In spite of my pleading last week for Charlie Sheen to go away, he is still everywhere. He is now not only haunting our TVs but also the web. After opening a Twitter account, he zoomed to 1.3 million followers after only two days. He has also done a 50 minute internet show called “Sheen’s Corner” and SiriusXM Radio created a special channel called Tiger Blood Radio to broadcast Sheen 24 hours straight.
Finally, CBS and Warner had enough and fired their star from his show Two and a Half Men. What brought us to this point? Surely, he had it coming but would it have reached this climax if Charlie Sheen hadn’t been spewing venom hourly in the media and on the web. Did he create career suicide, did the media’s over indulgence cause this, or did we, the gawking public, cause his demise?
Some interesting questions have been raised about incessant media exposure and its affect on the victim. With producers trying to outdo one another, this fed into Sheen’s massive ego and his need for constant exposure. Some have even asked the question, is the media “enabling” Sheen to continue on his path of self-destruction to his career, his health, and his family? Is the media exploiting him? if so, does the media have a responsibility to consider what is best for their subject?
This same scenario can be applied to what happened to Ted Williams after he was snatched from the streets of Columbus and plucked down in the middle of a spot light on fame’s stage. Was Dr. Phil and the media exploiting him for better ratings? In both cases we have someone eager for the attention and publicity but what does this do to an unstable person? Surely, the intense scrutiny can’t be good for someone already struggling with inner demons. Psychiatrist Gail Saltz said, “The spotlight is almost never helpful to people in these situations. It makes it harder to evaluate mistakes, to think things through, to take a different turn.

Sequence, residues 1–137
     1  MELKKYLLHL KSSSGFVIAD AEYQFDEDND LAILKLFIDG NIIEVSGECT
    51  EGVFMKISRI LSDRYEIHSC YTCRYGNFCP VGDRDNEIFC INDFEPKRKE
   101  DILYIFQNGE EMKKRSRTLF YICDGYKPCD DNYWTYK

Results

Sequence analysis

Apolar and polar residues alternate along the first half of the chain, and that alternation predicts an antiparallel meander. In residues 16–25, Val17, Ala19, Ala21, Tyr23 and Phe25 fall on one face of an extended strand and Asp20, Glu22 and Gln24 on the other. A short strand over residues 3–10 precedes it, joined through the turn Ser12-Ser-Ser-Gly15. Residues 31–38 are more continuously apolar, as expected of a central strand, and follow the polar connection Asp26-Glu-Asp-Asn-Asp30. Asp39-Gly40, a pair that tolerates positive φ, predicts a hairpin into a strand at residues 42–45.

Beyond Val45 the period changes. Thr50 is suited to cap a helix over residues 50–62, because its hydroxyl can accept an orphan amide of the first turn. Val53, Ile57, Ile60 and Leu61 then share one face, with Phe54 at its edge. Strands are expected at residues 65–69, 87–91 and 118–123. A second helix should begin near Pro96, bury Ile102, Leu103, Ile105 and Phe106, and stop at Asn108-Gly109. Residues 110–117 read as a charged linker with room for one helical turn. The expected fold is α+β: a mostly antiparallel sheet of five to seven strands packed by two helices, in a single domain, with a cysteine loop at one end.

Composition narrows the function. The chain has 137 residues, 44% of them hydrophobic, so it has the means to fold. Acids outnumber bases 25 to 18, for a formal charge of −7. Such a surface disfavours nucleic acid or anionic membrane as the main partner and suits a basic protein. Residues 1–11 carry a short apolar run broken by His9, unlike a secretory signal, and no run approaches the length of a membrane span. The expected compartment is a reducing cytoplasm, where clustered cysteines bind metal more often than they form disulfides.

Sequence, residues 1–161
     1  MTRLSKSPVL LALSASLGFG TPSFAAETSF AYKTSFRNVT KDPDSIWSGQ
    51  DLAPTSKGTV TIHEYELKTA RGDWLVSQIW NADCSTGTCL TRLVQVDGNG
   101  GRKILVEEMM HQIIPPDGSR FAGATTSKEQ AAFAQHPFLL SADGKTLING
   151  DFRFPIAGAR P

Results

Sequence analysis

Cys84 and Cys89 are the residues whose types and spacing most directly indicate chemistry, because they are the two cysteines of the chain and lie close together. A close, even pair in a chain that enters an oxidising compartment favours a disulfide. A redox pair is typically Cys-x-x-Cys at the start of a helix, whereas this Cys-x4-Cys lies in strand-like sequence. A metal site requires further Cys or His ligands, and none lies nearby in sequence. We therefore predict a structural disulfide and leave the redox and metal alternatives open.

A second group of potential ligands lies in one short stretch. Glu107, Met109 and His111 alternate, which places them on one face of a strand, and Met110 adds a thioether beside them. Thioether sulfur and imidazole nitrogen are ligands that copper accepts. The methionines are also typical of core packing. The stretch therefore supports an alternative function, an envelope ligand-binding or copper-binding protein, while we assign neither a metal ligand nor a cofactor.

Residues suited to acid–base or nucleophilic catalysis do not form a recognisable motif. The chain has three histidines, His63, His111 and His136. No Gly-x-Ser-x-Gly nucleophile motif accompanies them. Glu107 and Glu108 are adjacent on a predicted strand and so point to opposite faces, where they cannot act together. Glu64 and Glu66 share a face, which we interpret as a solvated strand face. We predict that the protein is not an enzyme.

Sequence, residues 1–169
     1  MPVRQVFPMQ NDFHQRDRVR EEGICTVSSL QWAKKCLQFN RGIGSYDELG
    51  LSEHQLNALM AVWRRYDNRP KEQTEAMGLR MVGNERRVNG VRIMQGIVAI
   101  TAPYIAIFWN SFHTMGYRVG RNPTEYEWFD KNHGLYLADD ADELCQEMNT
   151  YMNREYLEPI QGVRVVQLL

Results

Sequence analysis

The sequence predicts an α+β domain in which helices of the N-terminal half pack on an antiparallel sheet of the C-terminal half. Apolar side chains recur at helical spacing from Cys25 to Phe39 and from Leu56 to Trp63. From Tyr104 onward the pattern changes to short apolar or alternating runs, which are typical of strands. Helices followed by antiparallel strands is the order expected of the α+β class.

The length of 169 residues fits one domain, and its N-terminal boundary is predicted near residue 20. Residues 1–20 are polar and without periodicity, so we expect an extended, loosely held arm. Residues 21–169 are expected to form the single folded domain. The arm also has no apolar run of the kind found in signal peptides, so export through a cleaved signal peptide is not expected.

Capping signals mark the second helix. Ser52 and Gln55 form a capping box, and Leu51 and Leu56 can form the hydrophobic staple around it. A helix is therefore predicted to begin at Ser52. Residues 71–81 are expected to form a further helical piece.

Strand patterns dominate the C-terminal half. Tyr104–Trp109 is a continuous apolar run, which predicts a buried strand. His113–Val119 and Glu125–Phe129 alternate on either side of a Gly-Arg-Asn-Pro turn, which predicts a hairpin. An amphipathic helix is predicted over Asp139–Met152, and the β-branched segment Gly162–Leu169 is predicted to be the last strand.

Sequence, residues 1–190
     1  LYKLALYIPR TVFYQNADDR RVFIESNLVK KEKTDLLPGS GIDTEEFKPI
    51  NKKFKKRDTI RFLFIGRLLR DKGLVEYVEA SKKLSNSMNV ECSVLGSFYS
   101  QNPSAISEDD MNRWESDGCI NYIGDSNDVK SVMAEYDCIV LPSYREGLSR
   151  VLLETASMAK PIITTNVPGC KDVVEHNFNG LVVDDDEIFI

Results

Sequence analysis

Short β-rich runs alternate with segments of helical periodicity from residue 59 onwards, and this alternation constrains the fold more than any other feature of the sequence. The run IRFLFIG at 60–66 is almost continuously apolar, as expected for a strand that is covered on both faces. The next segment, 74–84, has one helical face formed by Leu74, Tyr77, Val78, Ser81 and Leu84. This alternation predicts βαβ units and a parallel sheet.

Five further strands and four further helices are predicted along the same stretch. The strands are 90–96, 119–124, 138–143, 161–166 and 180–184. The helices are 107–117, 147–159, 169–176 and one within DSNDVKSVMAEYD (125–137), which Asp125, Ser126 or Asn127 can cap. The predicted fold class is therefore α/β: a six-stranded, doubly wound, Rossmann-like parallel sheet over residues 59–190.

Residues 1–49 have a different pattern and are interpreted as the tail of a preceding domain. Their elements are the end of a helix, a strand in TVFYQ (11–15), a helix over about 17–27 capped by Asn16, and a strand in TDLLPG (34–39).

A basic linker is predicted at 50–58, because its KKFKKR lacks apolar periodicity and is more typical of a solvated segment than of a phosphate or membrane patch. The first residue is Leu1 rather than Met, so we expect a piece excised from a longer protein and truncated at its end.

It was probably best for Ted Williams that he left the chaos and opted for an alcohol and drug free house where he would receive constant supervision and support—AND MAINTAIN HIS PRIVACY.
In Charlie Sheen’s case he is accustomed to the bright lights of fame. Jeff Jarvis, a prominent media blogger, said, “The drug Sheen is on right now is attention, and he’s overdosing on that drug. This is a cynical act by the media. It’s exploitation.” He added “if what we’re seeing is bipolar disorder, then it isn’t Charlie Sheen we are hearing…it’s the disorder, and we are delaying his recovery.”
Predictably, the networks don’t agree. Andrea Canning of ABC, who did an interview with Sheen for a hugely rated 20/20 show, said she still thinks he has some things to say when asked if he had had enough air time. And you can be sure she will be there to eagerly report anything else he has to say–that is her job.
Marty Kaplan, director of the Norman Lear Center at t he USC Annenbeusrg School of Communication agrees that the media has been Sheen’s enablers. However, he added that he wouldn’t be getting such intense exposure if it didn’t bring big ratings “so it’s the audience—us—who are his codependents. Is the attention making his behavior worse? Maybe. But the media didn’t invent people’s urge to rubberneck at car crashes.”
But even if the media suddenly stopped all interviews and coverage, Sheen still has access to the public through Twitter and the web. Because he was, literally, an overnight sensation, advertisers are eager to attach to his site. Thus, he will gain more exposure and money.
Todd Boyd, professor of popular culture at University of Southern California, said, “Fame is perhaps as much a drug as the real drugs. And it’s legal.” As long as there is a Charlie Sheen or a Ted Williams, the media will continue to flock to them like vultures; and, sadly, the bystanders—you and I—will continue to stand by to watch the train wreck.
So, who is to blame for this circus—the media, the audience, or the fame seeker. Each feeds on the other. The media would not continue to cover attention seekers if it had no audience. The audience would not watch it if the media did not cover it. And, the fame seeker would not cavort in public if he did not have an audience. Whatever the reason, one fact remains, if something isn’t done soon the fame seeker will go down in flames like the moth drawn to the light of a candle.
Regardless of who is at fault, the media is the constant that drives this scenario. Maybe it is time the media take a long look at itself to analyze its role in dealing with ego maniacs and how it will handle future situations.